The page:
Reimaging Education By Shea Howell
Thinking for ourselves
By Shea Howell
May 12-19, 2012
The walkout of students from Western International High School is continuing to reverberate through the city. Emergency Financial Manger (EFM) Roy Roberts has vigorously denied charges this week that he intends to disband the elected school board because some members supported the walk out. The spokesman for the EFM, Steve Wasko said, “Mr. Roberts continues to state that for anyone who desires what he’s here to accomplish, that is, improved educational conditions to prepare Detroit’s students for 21st-century college and career-readiness, he needs all those similarly focused at the table.”
This seat at the table, however, requires sharing a very narrow, destructive view of education. In spite of strong public outcry, Roy Roberts and his appointed administrative team are continuing their heavy-handed response to students who exercised their democratic rights. The walk out by hundreds of students at Southwestern and Western International high schools protesting the decision to close Southwestern high school was met with force. Students were threatened with criminal prosecution. Cell phones were taken. Student leaders were suspended and then told they had to sign contracts pledging to never violate school policies again upon their return to classes.
Underlying this reaction is a deep fear of the power of public protest. The EFM gang labeled the march “irresponsible” and pledged swift punishment. Steve Wasko said, “DPS and the school will ensure that the student code of conduct is enforced.”
Had Roy Roberts bothered to talk to the students, to read their statements or visit their Facebook postings, it would have been immediately clear that these students are exactly the kinds of people we want and need to make our city better. First, students were not only walking out for themselves, but for others. Second, as they are concerned about quality education. They said, “We were also fighting for quality education for us at Western, and at ALL DPS schools. We do not understand why we are being punished with a loss of educational opportunity when that is exactly what we were fighting for.”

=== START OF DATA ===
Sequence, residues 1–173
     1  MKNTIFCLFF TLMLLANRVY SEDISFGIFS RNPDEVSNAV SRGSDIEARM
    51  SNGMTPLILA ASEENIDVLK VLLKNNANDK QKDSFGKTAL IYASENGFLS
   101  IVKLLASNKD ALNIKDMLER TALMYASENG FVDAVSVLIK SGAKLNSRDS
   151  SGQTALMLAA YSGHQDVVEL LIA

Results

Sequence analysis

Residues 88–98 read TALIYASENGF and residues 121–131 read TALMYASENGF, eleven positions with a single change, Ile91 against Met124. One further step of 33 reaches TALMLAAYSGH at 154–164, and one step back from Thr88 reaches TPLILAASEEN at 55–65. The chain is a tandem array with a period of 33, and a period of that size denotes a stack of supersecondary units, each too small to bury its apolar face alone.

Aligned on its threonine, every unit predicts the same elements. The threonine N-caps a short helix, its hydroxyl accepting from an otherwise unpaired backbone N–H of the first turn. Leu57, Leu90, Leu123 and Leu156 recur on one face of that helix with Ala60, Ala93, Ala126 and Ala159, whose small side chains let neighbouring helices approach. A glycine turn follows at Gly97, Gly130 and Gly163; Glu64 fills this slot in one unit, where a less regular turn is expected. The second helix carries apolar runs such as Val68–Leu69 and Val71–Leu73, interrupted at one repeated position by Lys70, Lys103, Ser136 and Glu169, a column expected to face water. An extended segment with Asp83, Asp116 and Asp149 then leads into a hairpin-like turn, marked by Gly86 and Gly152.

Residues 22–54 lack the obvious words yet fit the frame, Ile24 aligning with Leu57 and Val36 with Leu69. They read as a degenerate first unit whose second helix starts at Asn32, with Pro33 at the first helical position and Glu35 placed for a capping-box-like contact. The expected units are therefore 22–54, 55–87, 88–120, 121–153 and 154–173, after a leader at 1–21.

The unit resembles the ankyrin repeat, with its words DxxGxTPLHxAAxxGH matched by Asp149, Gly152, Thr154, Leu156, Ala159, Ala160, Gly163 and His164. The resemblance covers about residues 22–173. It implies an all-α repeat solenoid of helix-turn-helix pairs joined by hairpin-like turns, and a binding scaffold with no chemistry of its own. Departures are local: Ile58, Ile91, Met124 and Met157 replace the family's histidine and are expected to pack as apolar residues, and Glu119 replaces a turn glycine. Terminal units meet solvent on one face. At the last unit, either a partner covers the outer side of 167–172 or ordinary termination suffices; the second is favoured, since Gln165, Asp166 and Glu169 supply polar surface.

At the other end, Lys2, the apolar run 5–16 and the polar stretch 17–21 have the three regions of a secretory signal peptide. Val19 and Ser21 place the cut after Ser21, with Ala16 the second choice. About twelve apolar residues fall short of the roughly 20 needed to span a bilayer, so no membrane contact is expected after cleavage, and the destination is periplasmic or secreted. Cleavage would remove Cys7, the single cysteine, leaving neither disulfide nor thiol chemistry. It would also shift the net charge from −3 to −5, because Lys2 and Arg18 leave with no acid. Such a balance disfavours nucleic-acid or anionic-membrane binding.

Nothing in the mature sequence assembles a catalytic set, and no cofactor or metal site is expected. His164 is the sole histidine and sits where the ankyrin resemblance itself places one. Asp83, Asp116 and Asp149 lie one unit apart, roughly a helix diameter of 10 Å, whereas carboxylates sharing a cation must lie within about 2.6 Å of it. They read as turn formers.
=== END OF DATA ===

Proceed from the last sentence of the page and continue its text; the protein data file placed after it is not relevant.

Finally, students showed imagination, initiative and an understanding of history by responding to the suspensions by organizing a Freedom School with classes about the history of Southwest Detroit, Civil Rights, Codes of Conduct, expressive arts, social justice, and media. In essence these students see themselves as engaged, responsible citizens, demanding and creating new kinds of education.
The EFM sees them as troublemakers, needing to be controlled and punished. This view is how we know the EFM will ultimately fail in his mission to “prepare students for the 21st century.”
We are living at a time when creativity, imagination, courage and vision are required from all of us. These attributes terrify the ruling elites who are imposing an educational system of control, punishment, and persistent meaningless testing.
In contrast to the EFM view of public education is that of Professor Gregory Smith of Lewis and Clark Graduate School of Education. Professor Smith visited the Boggs Center to talk about place-based education this week. He has written six books demonstrating how place based education offers a way to create meaningful educational experiences by basing curriculum on local knowledge and issues. In his latest book, Place and Community-based Education in Schools, with David Sobel, he chronicles imaginative educational practices throughout the country.
Smith and Sobel write: “By making space for local knowledge and issues, it diminishes the boundary between the classroom and students’ lives in their homes and neighborhoods. When teachers involve students in projects that address genuine community concerns, students come to see themselves as knowledge producers and actors. Young people who might otherwise be disengaged from learning become willing to invest themselves in their own education, the life of their community, and the wise stewardship of local resources.”
Through the walkout and creation of Freedom Schools students are reimagining a stronger educational system for everyone.